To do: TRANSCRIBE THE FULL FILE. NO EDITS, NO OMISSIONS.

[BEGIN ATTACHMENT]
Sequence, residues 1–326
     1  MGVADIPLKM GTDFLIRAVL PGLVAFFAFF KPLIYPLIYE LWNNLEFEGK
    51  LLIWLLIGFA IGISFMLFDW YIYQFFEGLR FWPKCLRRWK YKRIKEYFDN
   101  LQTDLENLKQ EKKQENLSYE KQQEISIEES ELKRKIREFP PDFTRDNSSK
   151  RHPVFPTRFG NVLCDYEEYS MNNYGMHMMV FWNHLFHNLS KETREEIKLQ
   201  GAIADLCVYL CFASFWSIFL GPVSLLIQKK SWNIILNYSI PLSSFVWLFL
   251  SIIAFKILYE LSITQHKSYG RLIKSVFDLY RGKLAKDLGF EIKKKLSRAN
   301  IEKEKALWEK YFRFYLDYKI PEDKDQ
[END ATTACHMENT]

Sequence, residues 1–326
     1  MGVADIPLKM GTDFLIRAVL PGLVAFFAFF KPLIYPLIYE LWNNLEFEGK
    51  LLIWLLIGFA IGISFMLFDW YIYQFFEGLR FWPKCLRRWK YKRIKEYFDN
   101  LQTDLENLKQ EKKQENLSYE KQQEISIEES ELKRKIREFP PDFTRDNSSK
   151  RHPVFPTRFG NVLCDYEEYS MNNYGMHMMV FWNHLFHNLS KETREEIKLQ
   201  GAIADLCVYL CFASFWSIFL GPVSLLIQKK SWNIILNYSI PLSSFVWLFL
   251  SIIAFKILYE LSITQHKSYG RLIKSVFDLY RGKLAKDLGF EIKKKLSRAN
   301  IEKEKALWEK YFRFYLDYKI PEDKDQ